The Rooster Bar by John Grisham

The Rooster Bar

“We had a good day and won’t always be so lucky. What’s amazing is the traffic, the sheer number of people who get chewed up by the system.”

Law school isn’t easy. The classes are tough, the student loans are high and then there is the bar to pass. Add all of that on top of the realization that the law school you are attending only has a 50 percent pass rate on the bar and you can’t seem to line up a job to help pay back the student loans and depression can sink in hard. For four friends at Foggy Bottom, they can’t believe the situation they are in with only one more semester to go until graduation. Then, one of them finds proof that one man is owning the law schools and dumping money into accounts with a bank he owns stock in and hires the students who pass the bar into law firms he that he has part ownership. Maybe they could help themselves by helping unveil the scheme this one man is up to.

The Rooster Bar is the latest John Grisham release. I requested the book from the library the day it was released and I think it is the longest I have had to wait for an ebook through Overdrive. A lot of people wanted to read it, too. I’ve actually read a few Grisham books in the past few months – Skipping Christmas and Camino Island. They are all three very different genres of books. The Rooster Bar is more of his legal thriller, Camino Island was an undercover writer trying to expose a crime and Skipping Christmas was a holiday book.

Unfortunately, Zola, Todd and Mark have to try to unveil the scheme by themselves after their friend commits suicide. He was bipolar and off his meds. They can’t bear to go back to classes, so they drop out for a bit and by chance get a taste of the legal system up close. Could they try practicing law without a license? The penalty might be worth the risk and could get them the money they need to free themselves of their student loans. It’s risky as Zola’s family faces deportation to Senegal, but they’ll never know how far they can get unless they try.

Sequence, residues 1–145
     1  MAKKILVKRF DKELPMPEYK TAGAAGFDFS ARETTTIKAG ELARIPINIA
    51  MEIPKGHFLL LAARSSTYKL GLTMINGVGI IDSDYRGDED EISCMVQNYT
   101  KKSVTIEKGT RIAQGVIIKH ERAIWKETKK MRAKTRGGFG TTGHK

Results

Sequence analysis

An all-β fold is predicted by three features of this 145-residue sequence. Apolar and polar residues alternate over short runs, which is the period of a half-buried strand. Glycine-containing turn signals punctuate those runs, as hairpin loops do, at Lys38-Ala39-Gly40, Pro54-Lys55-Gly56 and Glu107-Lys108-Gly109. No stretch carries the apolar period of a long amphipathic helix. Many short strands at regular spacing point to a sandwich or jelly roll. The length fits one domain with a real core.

Fans of Grisham will enjoy this book. It’s a fun and interesting plot that has you rooting for the characters as they try again and again to do the right thing the wrong way. There is a suicide, description of criminal acts and description of the deportation detention centers, so it would be for high school age readers and older.

Are you a John Grisham fan? Which book is your favorite? Comment below!

Buy the book here (affiliate link).

About Sarah Anne Carter

Sarah Anne Carter is a writer and reader. She grew up all over the world as a military brat and is now putting down roots with her family in Ohio. Family life keeps her busy, but any spare moment is spent reading, writing or thinking about plots for novels.